Month: July 2015

food rescue food security food waste Contra Costa County

Creating Paths of Abundance

Rotting lettuce finally made the news. Media coverage of food waste generated several headlines this summer, with European advocates making progress on laws forbidding stores from destroying food that has past its sell by date. (We featured this video from the PBS NewsHour on our Friday Flicks). According to a Natural Resources Defense Council report, close to forty percent of America’s food goes to waste. Students, designers and policymakers puzzle through the means to make the most of our shrinking resources through circular models.  While some food businesses move toward a circular economy, most are far from it. Food rescue bridges the gap between a closed-loop food business design (our businesses are not there, yet) and ongoing waste. In Contra Costa County, White Pony Express, an all volunteer food rescue organization, closes the loop one delivery at a time. Seven days a week. I met with Erica Brooks and Vincent d’Assis to learn more about the inspiration, values and structure behind the organization. Since its inception in September 2013, White Pony Express has delivered more than …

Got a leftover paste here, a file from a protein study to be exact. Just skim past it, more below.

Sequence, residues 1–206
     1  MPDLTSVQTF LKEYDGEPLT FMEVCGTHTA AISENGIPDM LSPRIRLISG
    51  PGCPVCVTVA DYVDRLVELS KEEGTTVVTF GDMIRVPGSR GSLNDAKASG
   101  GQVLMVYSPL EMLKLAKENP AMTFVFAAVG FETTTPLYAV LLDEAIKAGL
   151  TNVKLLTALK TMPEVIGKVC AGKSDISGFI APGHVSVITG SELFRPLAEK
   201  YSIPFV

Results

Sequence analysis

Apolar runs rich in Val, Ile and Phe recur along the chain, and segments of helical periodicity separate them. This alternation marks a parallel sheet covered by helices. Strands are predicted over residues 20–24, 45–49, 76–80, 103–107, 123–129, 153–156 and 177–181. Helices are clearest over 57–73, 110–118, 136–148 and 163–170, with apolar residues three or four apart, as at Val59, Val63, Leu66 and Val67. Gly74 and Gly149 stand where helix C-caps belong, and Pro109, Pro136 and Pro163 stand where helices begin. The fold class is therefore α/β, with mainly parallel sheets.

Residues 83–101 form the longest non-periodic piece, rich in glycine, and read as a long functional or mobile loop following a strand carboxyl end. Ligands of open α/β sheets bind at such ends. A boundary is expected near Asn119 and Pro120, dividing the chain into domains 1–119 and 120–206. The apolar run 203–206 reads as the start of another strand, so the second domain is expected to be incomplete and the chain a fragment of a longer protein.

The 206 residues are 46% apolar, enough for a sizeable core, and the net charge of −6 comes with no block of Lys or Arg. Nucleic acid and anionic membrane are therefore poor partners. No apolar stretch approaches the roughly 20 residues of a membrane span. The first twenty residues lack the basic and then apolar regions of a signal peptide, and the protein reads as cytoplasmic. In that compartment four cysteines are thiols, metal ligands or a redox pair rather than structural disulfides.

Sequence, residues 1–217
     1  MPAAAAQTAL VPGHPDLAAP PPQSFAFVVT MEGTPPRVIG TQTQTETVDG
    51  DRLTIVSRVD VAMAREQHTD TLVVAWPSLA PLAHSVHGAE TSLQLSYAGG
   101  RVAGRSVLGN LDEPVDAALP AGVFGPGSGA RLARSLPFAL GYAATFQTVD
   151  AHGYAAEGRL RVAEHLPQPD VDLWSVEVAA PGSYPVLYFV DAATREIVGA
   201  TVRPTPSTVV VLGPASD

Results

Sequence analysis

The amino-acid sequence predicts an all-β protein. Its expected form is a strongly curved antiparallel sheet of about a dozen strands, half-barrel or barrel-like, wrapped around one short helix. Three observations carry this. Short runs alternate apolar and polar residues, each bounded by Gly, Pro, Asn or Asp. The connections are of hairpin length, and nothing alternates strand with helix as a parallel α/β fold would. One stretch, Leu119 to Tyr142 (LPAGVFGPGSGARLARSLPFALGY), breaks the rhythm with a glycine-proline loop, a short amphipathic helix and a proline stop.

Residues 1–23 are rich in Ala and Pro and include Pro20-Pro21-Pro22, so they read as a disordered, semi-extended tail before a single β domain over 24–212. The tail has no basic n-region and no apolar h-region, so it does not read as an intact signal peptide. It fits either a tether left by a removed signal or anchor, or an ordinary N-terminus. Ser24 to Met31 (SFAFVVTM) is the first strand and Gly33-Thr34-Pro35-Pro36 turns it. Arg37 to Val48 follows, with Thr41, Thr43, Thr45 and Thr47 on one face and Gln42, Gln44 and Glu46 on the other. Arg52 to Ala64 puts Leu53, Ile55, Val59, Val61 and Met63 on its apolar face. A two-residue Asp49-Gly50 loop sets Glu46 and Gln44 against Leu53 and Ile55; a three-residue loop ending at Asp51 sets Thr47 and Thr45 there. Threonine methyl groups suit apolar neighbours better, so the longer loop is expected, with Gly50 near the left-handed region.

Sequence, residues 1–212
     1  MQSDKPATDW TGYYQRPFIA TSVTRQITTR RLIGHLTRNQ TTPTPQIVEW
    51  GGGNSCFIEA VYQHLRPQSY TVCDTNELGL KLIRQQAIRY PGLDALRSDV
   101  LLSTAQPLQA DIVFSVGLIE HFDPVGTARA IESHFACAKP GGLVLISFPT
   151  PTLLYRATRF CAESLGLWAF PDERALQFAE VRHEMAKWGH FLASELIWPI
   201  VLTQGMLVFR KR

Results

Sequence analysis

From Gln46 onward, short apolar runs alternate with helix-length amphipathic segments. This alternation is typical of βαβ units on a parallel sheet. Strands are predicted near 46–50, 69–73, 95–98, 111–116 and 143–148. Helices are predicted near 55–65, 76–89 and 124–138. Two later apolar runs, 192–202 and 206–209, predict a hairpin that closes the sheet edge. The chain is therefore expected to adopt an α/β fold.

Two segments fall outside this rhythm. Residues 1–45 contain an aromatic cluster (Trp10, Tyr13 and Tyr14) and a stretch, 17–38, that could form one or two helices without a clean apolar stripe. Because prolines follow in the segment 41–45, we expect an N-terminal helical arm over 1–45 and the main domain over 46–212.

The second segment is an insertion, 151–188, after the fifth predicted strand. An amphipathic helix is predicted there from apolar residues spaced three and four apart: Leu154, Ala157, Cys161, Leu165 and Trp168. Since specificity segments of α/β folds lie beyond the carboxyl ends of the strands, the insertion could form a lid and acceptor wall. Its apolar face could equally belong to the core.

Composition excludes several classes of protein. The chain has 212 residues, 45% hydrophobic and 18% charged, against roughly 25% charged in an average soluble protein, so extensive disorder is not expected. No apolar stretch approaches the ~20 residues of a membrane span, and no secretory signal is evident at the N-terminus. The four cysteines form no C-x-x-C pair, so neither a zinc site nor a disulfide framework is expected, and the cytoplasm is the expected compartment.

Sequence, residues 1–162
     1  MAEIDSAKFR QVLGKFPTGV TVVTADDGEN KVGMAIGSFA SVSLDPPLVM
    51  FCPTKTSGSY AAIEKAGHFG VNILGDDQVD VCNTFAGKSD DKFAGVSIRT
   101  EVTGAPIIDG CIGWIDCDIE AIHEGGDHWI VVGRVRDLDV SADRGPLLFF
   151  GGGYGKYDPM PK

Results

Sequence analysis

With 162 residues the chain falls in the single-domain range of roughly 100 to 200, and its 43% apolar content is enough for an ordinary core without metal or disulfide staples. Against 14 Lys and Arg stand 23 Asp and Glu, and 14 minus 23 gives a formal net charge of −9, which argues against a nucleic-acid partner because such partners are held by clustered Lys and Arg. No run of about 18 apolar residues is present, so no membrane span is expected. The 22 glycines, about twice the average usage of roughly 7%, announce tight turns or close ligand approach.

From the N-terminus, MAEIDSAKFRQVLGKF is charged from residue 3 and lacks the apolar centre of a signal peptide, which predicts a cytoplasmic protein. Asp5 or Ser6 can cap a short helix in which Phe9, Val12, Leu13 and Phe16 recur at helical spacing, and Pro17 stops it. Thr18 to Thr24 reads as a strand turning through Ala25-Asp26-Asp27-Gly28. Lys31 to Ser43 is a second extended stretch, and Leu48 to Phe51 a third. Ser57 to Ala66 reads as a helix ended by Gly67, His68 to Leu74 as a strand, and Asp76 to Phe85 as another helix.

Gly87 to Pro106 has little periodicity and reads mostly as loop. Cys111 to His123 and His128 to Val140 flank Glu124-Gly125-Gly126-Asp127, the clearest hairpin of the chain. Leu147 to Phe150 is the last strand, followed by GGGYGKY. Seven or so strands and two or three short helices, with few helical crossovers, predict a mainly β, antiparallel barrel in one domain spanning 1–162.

Path and Patterns in Art, Spirit and the City